Podcast: What are parents' and informal caregivers' views and experiences of communication about routine early childhood vaccination?

Most Cochrane Reviews examine quantitative evidence on the effects of health or social care, but some review qualitative research to try to get a better understanding of and why and how interventions do or don’t work. In a new review from February 2017, Heather Ames, from the Norwegian Knowledge Centre for the Health Services at the Norwegian Institute of Public Health in Oslo, and colleagues have done this to explore how parents experience communication about vaccination for children. She tells us what they found in this podcast.

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John: Hello, I'm John Hilton, editor of the Cochrane Editorial unit. Most Cochrane Reviews examine quantitative evidence on the effects of health or social care, but some review qualitative research to try to get a better understanding of and why and how interventions do or don’t work. In a new review from February 2017, Heather Ames, from the Norwegian Knowledge Centre for the Health Services at the Norwegian Institute of Public Health in Oslo, and colleagues have done this to explore how parents experience communication about vaccination for children. She tells us what they found in this podcast.

Heather: Qualitative research investigates how people perceive and experience the world around them. Our review of qualitative studies explores how parents experience communication about vaccination for children under six years of age. It supplements existing Cochrane Reviews on the effect of communication strategies on parents’ knowledge, attitudes and behaviour about childhood vaccination.
Childhood vaccination is an effective way of preventing serious childhood illnesses, but many children still do not receive all of their recommended immunisations, for a variety of reasons. Some parents do not have access to the vaccine, perhaps because of low quality health services, distance to a health facility or poverty. Others do not trust the vaccine itself or the healthcare worker who provides it, and still more parents do not see the need to vaccinate their children at all.
To address some of these issues, governments and health agencies often try to communicate with parents about childhood vaccinations, usually at healthcare facilities, at home or in the community. Communication can be two-way and interactive, for instance face-to-face discussions between parents and healthcare providers or it might be direct or one-way such as through text messaging, posters, leaflets, or radio and television programmes. Some types of communication allow parents to actively discuss the vaccine, its risks and benefits, and the disease it aims to prevent. While other types simply give information about these issues or about when and where vaccines are available.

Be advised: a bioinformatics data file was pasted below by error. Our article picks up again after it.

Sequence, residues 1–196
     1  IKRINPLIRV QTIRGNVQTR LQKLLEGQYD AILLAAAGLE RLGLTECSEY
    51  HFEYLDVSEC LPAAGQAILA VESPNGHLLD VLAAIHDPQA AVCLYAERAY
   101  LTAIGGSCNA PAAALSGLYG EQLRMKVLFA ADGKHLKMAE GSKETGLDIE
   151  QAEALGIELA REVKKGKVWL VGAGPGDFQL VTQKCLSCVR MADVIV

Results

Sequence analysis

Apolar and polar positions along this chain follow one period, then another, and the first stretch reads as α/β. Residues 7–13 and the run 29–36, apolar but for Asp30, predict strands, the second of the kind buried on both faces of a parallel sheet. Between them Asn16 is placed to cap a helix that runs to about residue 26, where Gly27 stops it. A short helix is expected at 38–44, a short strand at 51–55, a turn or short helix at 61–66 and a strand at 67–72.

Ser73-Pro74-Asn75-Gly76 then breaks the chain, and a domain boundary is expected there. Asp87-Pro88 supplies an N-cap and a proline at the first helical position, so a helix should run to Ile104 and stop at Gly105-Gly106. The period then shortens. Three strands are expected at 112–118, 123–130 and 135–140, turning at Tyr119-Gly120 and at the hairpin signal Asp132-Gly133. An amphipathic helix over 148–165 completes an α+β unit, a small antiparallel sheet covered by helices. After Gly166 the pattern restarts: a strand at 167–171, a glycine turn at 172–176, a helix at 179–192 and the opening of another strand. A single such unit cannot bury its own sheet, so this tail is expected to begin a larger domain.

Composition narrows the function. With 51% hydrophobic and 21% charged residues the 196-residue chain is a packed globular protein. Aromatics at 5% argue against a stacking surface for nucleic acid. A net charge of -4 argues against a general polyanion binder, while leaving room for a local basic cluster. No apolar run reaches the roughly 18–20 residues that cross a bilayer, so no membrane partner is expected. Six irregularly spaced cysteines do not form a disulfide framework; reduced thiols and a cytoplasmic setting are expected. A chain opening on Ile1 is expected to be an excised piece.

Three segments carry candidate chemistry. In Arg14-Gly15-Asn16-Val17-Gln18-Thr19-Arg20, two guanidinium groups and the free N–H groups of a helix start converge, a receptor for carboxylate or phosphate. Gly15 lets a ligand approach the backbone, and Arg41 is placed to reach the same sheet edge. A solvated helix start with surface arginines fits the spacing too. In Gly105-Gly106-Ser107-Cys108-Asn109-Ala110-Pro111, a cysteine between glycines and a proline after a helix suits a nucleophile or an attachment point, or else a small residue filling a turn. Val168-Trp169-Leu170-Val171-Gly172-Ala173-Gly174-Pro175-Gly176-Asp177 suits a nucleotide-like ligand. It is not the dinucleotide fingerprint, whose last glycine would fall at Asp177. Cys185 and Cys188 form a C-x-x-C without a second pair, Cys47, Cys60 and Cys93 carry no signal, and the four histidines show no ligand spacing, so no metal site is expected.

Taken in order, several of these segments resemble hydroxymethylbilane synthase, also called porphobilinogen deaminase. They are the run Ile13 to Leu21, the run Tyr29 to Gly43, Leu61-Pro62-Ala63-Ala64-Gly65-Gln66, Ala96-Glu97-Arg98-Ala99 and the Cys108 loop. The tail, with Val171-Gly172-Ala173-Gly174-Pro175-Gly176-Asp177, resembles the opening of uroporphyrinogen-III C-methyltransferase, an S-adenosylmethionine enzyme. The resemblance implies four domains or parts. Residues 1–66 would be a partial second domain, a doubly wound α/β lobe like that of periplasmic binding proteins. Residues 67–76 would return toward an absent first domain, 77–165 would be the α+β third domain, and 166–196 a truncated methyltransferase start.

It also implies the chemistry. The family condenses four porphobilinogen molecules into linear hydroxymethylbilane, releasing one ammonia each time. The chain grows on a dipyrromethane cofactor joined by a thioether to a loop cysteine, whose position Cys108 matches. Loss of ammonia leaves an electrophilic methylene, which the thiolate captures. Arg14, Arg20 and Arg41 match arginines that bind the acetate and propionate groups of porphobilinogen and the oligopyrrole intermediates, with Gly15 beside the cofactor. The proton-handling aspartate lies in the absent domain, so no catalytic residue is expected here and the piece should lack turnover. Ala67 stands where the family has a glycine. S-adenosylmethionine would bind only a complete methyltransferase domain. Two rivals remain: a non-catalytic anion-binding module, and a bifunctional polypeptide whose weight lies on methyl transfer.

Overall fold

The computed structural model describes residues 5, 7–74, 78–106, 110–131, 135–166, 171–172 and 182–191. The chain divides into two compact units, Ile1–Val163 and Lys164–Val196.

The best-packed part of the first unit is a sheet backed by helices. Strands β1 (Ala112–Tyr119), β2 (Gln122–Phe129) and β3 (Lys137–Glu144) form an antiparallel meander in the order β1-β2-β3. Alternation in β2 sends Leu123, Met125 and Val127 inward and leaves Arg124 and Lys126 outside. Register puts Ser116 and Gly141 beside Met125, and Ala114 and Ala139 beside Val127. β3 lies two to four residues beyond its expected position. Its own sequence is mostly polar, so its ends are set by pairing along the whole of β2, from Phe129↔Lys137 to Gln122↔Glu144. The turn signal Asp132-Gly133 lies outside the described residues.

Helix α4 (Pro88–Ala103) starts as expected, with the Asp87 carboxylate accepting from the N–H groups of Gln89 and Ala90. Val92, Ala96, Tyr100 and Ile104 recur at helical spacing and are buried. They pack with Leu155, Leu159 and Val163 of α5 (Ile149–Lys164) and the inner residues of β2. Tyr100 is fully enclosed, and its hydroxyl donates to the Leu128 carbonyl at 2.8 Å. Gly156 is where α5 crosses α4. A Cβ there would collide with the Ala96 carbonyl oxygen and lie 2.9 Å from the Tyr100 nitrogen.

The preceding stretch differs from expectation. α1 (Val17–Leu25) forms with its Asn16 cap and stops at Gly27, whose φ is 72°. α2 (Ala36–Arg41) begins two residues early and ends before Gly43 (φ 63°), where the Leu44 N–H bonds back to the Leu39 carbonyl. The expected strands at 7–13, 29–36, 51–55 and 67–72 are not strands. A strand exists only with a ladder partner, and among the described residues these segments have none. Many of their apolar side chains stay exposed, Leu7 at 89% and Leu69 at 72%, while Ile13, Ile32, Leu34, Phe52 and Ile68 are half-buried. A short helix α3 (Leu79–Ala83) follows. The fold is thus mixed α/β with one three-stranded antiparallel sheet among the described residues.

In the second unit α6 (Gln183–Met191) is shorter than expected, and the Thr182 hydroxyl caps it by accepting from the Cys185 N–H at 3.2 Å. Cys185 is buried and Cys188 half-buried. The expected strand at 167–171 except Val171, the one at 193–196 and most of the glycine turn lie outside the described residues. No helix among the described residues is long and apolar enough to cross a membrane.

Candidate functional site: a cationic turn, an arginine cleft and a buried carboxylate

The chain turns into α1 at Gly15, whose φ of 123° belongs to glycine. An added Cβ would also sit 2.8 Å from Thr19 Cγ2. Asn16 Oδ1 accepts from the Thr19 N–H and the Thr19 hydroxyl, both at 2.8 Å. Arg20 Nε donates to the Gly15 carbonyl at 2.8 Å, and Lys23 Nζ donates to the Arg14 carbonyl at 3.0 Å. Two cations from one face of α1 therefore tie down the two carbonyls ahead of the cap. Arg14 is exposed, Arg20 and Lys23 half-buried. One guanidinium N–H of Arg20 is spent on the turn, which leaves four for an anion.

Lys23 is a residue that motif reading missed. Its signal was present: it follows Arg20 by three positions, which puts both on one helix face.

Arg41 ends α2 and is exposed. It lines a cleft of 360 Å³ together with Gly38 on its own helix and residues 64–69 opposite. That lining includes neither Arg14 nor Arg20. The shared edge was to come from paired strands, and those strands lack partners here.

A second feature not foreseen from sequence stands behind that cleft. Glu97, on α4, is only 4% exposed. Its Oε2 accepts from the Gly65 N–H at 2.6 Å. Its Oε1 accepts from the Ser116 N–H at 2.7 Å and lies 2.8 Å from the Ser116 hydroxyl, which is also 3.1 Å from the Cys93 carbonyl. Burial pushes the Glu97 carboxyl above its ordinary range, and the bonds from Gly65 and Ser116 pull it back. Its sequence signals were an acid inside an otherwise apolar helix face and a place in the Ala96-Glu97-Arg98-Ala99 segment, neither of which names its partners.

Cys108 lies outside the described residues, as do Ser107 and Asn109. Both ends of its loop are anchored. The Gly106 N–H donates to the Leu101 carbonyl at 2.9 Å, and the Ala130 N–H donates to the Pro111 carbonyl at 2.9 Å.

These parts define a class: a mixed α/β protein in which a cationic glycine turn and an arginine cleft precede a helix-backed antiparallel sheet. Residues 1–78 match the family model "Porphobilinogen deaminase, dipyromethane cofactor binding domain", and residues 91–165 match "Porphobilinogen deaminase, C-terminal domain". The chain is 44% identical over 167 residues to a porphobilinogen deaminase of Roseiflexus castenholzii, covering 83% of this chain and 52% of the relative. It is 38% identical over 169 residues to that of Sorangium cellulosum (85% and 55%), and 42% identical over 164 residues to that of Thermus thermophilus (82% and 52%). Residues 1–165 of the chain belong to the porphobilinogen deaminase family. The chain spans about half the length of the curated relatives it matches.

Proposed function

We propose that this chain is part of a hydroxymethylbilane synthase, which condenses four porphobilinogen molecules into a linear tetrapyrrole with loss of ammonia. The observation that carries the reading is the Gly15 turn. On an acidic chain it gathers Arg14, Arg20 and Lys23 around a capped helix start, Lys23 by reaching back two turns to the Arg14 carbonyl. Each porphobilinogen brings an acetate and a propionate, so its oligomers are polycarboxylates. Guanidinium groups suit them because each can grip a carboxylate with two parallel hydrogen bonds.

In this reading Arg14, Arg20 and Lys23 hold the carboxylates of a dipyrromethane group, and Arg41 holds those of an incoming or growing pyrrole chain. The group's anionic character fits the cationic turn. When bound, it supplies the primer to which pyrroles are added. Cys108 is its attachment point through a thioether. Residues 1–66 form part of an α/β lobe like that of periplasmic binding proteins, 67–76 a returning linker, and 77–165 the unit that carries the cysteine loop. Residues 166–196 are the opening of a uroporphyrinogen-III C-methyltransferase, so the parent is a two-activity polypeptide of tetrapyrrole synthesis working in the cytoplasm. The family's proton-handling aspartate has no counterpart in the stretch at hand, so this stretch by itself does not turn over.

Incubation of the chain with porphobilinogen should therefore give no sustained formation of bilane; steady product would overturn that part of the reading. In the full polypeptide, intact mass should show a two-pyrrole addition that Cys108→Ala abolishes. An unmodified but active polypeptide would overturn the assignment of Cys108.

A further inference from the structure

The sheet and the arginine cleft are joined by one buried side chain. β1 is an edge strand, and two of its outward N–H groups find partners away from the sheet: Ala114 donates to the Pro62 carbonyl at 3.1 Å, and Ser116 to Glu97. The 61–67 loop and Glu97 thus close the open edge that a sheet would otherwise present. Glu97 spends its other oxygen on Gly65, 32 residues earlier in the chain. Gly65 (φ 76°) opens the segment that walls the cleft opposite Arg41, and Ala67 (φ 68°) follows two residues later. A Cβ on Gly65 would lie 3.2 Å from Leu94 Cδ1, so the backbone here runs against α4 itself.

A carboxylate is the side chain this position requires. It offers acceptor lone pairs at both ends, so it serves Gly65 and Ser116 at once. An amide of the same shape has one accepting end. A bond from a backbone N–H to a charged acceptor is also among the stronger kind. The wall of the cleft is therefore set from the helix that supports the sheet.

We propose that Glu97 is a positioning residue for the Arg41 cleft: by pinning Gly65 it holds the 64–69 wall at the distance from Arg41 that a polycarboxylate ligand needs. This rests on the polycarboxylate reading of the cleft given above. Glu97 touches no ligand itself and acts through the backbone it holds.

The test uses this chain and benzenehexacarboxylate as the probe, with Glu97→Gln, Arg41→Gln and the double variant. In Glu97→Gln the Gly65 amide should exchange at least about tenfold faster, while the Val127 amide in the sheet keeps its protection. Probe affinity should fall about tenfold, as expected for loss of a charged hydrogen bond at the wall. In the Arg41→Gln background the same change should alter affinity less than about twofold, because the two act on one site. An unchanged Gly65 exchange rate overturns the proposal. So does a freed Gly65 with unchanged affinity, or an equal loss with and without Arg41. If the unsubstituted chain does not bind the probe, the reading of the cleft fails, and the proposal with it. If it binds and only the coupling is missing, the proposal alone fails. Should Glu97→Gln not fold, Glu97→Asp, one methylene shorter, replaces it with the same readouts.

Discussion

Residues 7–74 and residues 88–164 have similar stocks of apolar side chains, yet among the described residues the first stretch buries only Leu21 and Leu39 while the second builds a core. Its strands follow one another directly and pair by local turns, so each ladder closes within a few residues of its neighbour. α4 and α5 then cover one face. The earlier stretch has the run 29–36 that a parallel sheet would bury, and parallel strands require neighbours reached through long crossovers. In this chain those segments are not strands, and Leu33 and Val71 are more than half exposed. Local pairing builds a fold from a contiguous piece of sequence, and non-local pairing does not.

Our review aims to help people involved in vaccine programmes to understand how parents experience different types of communication about vaccination and how this influences their decision to vaccinate their child. We included 38 studies in this qualitative review. Most of the studies were from high-income countries and explored mothers’ perceptions of vaccine communication. 
In general, parents wanted more information than they were receiving and for some parents, a lack of information led to worry and regret about their vaccination decision. Parents wanted balanced information about the potential risks and benefits of vaccination, presented in a clear and simple manner and tailored to their situation. Parents also wanted vaccination information to be available outside of the health services, and to be provided in good time before each vaccination appointment.
Parents generally found it difficult to know which vaccination information source to trust and found it difficult to find information that they felt was unbiased and balanced. Health workers were regarded as an important source of information and parents had specific expectations of their interactions with them. Poor communication and negative relationships with health workers sometimes impacted on vaccination decisions. The amount of information parents wanted and the sources they felt they could trust seem to be linked to their acceptance of vaccination, with parents who were more hesitant wanting more information.
As a take home message, we are quite confident in the evidence we found that parents want clear, timely and balanced information about vaccination for their child, but that they often find this information to be lacking. And, we can say with low to moderate confidence that the amount of information parents want and the sources they trust appear to be linked to their acceptance of vaccination.

John: If you would like to delve deeper into the findings of this qualitative evidence synthesis and the findings of the included studies, you can find the full review free to view online at Cochrane Library dot com. Just go to the website and search ‘qualitative synthesis and vaccination’.

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